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February 15, 2008

Someone Tell Karl Rove: Health Care, Debt Bringing on Recession


Asked on Fox News whether the economy is headed toward a recession, former George W. Bush adviser Karl Rove gave an answer stock in trade for the administration he once served – it’s someone else’s fault.


In this case, it’s the media’s fault for coloring people’s perceptions, he said.


Anyone wondering how Rove wound up with a prime writing gig covering the election with Newsweek?


The evidence that the national economy is headed for a recession, potentially for the long term, is mounting. Practically no one with an honest eye on things believes it will get better any time soon or that it won’t get worse.


The reasons for this are many, and the failure of the housing industry is really only just a very prominent, easy-to-grasp reason. But the same things that failed there are failing in other places, mostly that the American economy is today built on a foundation of paper – increasingly bad paper of debt and credit. You can’t build something on the premise that you’ll pay someone back later and not expect the bill to eventually come due.


The day-to-day struggles of families to keep their heads above choppy financial waters are taking place in the forefront. In the background, if you look closely enough, is a coming crisis in health care.


Oh, it’s not a new problem certainly, but the connection between family debt and disappearing benefits and declining national health care is something that hasn’t gotten much ink.


Part of the cause for that is contained in the president’s proposed budget for next fiscal year. In what is part of yet another trend, the president’s budget goes heavy on foreign wars and light on domestic spending. Part of that is yet another cut in reimbursements for Medicaid and Medicare, and it is this that will have a negative impact on the nation’s health care.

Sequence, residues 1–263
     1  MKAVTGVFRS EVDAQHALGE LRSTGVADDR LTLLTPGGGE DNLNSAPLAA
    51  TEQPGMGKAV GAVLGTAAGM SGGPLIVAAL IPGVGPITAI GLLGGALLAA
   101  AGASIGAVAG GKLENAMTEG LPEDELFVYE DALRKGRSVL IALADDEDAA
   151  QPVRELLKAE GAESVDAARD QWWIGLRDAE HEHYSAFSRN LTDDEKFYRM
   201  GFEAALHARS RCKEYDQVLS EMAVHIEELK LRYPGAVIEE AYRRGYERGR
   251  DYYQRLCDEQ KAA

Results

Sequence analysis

Reimbursement levels for Medicaid and Medicare for the last couple of years – after some last-minute deal making – have remained stagnant. The problem is that while reimbursements have held steady, costs have continued to rise. Anyone who’s ever gone a year without a pay raise at a job understands what this means – less spending power from the same pool of money.


This is coupled with something else – Medicaid and Medicare patients are a financial loss for health care providers. That is, the money a hospital gets to treat a patient on Medicaid doesn’t cover the costs of treating that patient.


Eventually the ledger has to balance out, so those costs are passed along to other patients and insurance plans, which has helped businesses look for ways to save on benefits. In the last couple of years, deductibles have skyrocketed. Where once it might have been typical for a company to offer a $250 deductible for services, these days it’s not uncommon for deductibles to go over $1,000.


That deductible, naturally, has to be covered by the patient, and the result is medical debt piled on top of mortgages, car payments and – of course – the credit card.


And here is the bad news. As Baby Boomers age, it will create a giant lump of people moving through the health care system on Medicaid and Medicare, which itself will be paid for by a smaller pool of people – their children.


Woes in health care will become a public problem, especially as health care spending expands to what some think will be as much as 25 percent of the GDP. We could recover from one recession only to slip into a new one. The fact that we can see it coming only makes the entire thing sadder.


© 2008 North Star Writers Group. May not be republished without permission.


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